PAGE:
Can neoliberalism make us embrace risk?

One of the most powerful observations of Esther Duflo and Abhijit Banerjee’s Poor Economics is that most people in the developing world don’t want to be entrepreneurs, even many of those who are self-employed. Instead, most people, if they can find it, want the security and stability of a well-paid salaried job, ideally working for the government. Duflo and Banerjee’s point is meant to tone down some of the exuberance around microfinance in developing countries – but as they observe, this risk aversion is common in rich economies, too. It’s a thought that has stayed with me since I read the book, and I think it reflects a general phenomenon. For all the ideological dominance of free market capitalism, we still live in societies where people are fearful, sceptical and uncomfortable with the behaviours such a system demands, and particularly the uncertainty these entails.

We can see this on the supply side with the ructions over free migration (witness the ongoing crises of the EU around migration) and free trade (witness Donald Tump’s popular touting of trade restrictions). Around the world, workers demand protection of their jobs from the competition and threat of the market.

Perhaps less clearly, we can see this on the demand side too. In a number of markets, we are increasingly encouraged to behave as consumers for products that carry a great amount of uncertainty. A few examples:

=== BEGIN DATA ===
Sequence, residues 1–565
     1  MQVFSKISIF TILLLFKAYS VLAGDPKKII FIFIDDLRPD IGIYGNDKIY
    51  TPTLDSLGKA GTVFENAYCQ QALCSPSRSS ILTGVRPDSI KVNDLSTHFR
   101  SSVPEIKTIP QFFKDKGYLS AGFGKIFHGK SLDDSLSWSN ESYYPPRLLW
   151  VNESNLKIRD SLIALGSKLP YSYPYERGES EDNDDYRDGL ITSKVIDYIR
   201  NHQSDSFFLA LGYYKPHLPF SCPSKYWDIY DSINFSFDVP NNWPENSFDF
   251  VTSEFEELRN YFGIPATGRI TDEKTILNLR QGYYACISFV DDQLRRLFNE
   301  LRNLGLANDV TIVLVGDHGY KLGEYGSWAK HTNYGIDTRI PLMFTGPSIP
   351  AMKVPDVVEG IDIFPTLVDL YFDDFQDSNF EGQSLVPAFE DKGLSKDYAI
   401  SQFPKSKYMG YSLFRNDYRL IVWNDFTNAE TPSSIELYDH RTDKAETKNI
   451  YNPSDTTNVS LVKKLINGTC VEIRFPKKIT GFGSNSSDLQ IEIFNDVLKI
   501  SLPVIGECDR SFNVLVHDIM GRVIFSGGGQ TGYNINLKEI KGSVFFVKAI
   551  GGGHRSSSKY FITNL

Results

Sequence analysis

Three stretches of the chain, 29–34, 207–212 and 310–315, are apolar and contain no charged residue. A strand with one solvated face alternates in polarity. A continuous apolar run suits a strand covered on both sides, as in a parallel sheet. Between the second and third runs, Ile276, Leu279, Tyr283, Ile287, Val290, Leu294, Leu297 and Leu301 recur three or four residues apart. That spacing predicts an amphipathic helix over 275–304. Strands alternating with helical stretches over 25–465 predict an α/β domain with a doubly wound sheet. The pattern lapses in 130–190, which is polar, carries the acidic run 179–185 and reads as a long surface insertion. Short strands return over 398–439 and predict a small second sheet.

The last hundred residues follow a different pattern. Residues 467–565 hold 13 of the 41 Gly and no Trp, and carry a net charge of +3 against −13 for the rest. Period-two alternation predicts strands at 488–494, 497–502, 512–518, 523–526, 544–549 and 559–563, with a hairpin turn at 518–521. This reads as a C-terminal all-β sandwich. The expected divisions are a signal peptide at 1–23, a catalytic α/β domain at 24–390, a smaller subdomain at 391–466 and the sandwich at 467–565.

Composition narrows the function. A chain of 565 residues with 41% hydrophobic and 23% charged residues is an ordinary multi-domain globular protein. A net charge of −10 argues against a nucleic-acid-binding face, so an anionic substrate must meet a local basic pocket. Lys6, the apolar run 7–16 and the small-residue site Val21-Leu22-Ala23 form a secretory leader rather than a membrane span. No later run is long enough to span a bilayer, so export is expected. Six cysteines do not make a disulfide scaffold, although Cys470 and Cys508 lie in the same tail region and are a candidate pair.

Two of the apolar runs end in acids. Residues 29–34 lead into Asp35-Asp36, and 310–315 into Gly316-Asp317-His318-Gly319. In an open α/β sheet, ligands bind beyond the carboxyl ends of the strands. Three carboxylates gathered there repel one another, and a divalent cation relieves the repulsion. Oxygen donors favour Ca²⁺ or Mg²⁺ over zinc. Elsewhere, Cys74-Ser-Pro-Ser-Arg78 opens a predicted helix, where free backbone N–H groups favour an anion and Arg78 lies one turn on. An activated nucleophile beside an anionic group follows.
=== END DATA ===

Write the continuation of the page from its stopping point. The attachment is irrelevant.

• In planning for retirement, individuals are increasingly required to make what Chris Dillow calls “impossible decisions”: trying to anticipate exactly how much they’ll need in old age, with the certainty of a solid state pension and defined benefit plans increasingly under threat.
  • University students are increasingly expected to act as investors, shopping around for the best return. With greater variation in fees between institutions, there is greater pressure to secure value for money. Yet as Martin Wolf points out “By definition, students cannot understand what they are buying: that is what makes them students. The value of what they obtain is likely to become evident over many years.”
  • Governments seek ever more competitive energy markets, seeking greater ‘engagement’ from consumers to sift good deals from bad. Yet full engagement in the energy market invariably involves gambling – one of the major decisions consumers face is the choice between a fixed or variable tariff, essentially requiring them to take a punt on whether (notoriously volatile) energy markets will rise or fall.

What all these domains have in common is that they force consumers to confront and bear the cost of risk: the possibility that they will live longer than they anticipate, that their degree will land them less money than they hope, that energy prices will move in a different direction to their prediction. This might explain why many consumers are so unwilling to engage with them, at least in the way that they ‘rationally’ ought to.

Those in favour of these reforms can plausibly argue that it is a good thing that people are forced to take on responsibility for such important areas of their life, rather than leaving it to the benevolence of paternalistic policymakers. That may be so (though I have my doubts), but it doesn’t address the fact that people accept this responsibility so reluctantly. Free market capitalism is supposed to be the system that goes with the grain of ‘human nature’. Yet in trying to make us love risk, neoliberalism is as perfectionist as any creed.

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